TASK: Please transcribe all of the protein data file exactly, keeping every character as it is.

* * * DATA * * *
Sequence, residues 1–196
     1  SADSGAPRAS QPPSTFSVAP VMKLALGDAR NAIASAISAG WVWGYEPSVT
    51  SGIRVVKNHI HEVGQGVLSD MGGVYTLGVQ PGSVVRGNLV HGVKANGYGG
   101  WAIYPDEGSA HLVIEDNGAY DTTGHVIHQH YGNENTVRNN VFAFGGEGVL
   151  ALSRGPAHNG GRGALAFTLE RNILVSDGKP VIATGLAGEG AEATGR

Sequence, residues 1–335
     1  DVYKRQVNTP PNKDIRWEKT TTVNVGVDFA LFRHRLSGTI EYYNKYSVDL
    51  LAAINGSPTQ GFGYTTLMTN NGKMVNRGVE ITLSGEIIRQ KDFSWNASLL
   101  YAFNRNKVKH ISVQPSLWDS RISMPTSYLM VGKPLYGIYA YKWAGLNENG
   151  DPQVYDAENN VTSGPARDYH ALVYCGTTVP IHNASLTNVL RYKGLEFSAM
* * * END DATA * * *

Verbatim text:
Sequence, residues 1–196
     1  SADSGAPRAS QPPSTFSVAP VMKLALGDAR NAIASAISAG WVWGYEPSVT
    51  SGIRVVKNHI HEVGQGVLSD MGGVYTLGVQ PGSVVRGNLV HGVKANGYGG
   101  WAIYPDEGSA HLVIEDNGAY DTTGHVIHQH YGNENTVRNN VFAFGGEGVL
   151  ALSRGPAHNG GRGALAFTLE RNILVSDGKP VIATGLAGEG AEATGR

Sequence, residues 1–335
     1  DVYKRQVNTP PNKDIRWEKT TTVNVGVDFA LFRHRLSGTI EYYNKYSVDL
    51  LAAINGSPTQ GFGYTTLMTN NGKMVNRGVE ITLSGEIIRQ KDFSWNASLL
   101  YAFNRNKVKH ISVQPSLWDS RISMPTSYLM VGKPLYGIYA YKWAGLNENG
   151  DPQVYDAENN VTSGPARDYH ALVYCGTTVP IHNASLTNVL RYKGLEFSAM